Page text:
2. Legrand, F. D. (2014). Effects of exercise on physical self-concept, global self-esteem, and depression in women of low socioeconomic status with elevated depressive symptoms. Journal of Sport and Exercise Psychology, 36(4), 357-365. doi: 10.1123/jsep.2013-0253

  3. Campbell, A., & Hausenblas, H. A. (2009). Effects of exercise interventions on body image: A meta-analysis. Journal of health psychology, 14(6), 780-793. doi: 10.1177/1359105309338977

  4. aan het Rot, M., Collins, K. A., & Fitterling, H. L. (2009). Physical exercise and depression. Mount Sinai Journal of Medicine: A Journal of Translational and Personalized Medicine, 76(2), 204-214. doi: 10.1002/msj.20094

  5. Swain, R. A., Berggren, K. L., Kerr, A. L., Patel, A., Peplinski, C., & Sikorski, A. M. (2012). On aerobic exercise and behavioral and neural plasticity. Brain sciences, 2(4), 709-744. doi: 10.3390/brainsci2040709

  6. Erickson, K. I., Voss, M. W., Prakash, R. S., Basak, C., Szabo, A., Chaddock, L., ... & Kramer, A. F. (2011). Exercise training increases size of hippocampus and improves memory. Proceedings of the national academy of sciences, 108(7), 3017-3022. doi: 10.1073/pnas.1015950108

  7. Lin, T. W., & Kuo, Y. M. (2013). Exercise benefits brain function: the monoamine connection. Brain sciences, 3(1), 39-53. doi: 10.3390/brainsci3010039

  8. Dantzer, R., O'connor, J. C., Freund, G. G., Johnson, R. W., & Kelley, K. W. (2008). From inflammation to sickness and depression: when the immune system subjugates the brain. Nature reviews neuroscience, 9(1), 46-56. doi: 10.1038/nrn2297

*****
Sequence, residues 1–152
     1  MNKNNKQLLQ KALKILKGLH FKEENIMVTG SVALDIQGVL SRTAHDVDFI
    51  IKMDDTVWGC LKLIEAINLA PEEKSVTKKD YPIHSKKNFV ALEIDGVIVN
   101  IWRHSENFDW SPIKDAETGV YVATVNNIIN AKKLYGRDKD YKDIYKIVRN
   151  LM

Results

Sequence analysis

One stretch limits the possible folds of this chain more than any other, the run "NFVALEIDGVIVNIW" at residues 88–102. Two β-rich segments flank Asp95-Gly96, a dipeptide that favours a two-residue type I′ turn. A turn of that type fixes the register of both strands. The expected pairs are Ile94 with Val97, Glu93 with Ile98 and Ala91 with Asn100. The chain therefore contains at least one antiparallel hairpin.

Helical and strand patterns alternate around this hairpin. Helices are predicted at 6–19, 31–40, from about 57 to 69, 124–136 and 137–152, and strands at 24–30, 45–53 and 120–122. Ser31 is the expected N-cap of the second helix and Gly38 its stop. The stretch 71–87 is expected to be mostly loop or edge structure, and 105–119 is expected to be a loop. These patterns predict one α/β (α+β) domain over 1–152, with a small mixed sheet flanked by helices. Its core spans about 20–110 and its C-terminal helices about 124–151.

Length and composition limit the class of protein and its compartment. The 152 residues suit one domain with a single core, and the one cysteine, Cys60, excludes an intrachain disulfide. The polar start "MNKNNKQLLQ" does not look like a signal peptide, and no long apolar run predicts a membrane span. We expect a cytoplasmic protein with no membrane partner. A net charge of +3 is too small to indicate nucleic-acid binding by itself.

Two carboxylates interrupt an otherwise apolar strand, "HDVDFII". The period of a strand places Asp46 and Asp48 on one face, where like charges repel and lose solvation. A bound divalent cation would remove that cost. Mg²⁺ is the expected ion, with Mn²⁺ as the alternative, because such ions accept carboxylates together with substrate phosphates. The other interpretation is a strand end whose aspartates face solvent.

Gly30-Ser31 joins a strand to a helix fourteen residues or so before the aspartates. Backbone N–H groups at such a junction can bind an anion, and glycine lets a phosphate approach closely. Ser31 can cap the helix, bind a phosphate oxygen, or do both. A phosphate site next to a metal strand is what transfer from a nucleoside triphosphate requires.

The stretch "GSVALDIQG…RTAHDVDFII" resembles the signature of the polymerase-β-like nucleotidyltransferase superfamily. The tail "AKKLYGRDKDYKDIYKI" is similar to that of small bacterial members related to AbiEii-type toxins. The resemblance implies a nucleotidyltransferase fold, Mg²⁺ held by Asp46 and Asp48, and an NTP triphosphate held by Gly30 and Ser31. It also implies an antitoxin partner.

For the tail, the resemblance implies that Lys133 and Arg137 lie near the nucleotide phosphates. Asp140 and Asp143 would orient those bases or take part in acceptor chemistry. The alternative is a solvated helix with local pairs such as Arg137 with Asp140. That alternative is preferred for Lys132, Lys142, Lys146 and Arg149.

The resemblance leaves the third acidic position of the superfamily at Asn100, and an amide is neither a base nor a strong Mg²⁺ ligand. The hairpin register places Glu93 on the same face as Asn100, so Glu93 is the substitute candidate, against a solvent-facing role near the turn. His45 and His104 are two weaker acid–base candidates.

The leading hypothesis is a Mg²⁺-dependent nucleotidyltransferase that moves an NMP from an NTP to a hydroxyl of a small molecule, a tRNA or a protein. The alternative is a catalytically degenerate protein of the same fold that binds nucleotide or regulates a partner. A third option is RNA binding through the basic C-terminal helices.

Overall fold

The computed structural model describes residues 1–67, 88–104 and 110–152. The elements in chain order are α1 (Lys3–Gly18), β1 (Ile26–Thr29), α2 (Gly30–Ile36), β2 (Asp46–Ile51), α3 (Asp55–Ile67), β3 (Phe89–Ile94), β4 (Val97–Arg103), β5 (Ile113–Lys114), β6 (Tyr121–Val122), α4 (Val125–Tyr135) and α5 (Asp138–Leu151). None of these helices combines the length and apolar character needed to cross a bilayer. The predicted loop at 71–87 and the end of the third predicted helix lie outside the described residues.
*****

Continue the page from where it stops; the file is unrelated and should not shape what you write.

How Exercise Improves Mood

You may have noticed that purposeful movement like a walk around the neighborhood, riding bikes with family, or playing tennis with a friend can lift your mood, clear your head, or provide a boost in energy. Have you ever wondered why that is? The benefits of exercise for physical health are widely talked about. But how does exercise benefit mental health? While a lot is still unknown, experts agree that it’s likely a combination of psychological and biological factors. Let’s dive into some of these!

Psychological

  • Distraction. It’s human nature to dwell on problems. But it’s important to find activities that distract you from worrying. Exercise serves as a great time-out from your troubles.

  • Social interaction. Whether it’s a yoga class, a walk with the family, or a game of pickleball, there are several forms of exercise that can provide social connections. These interactions can satisfy our need to belong and provide a positive, mood-enhancing experience.

  • Self-esteem. Regular exercise can improve self-esteem through increases in strength, improvements in fitness level, or changes in physical appearance. Exercise can even improve body image without any physical changes to your body.

  • Mastering a skill. It can feel amazing to be able to walk for 20 minutes when before, five minutes left you winded. Or to nail a yoga pose that seemed impossible when you first started yoga. Being able to accomplish something with less effort than before demonstrates what your body is capable of. This can help you build confidence in what you can do, which translates to other aspects of your life.

Biological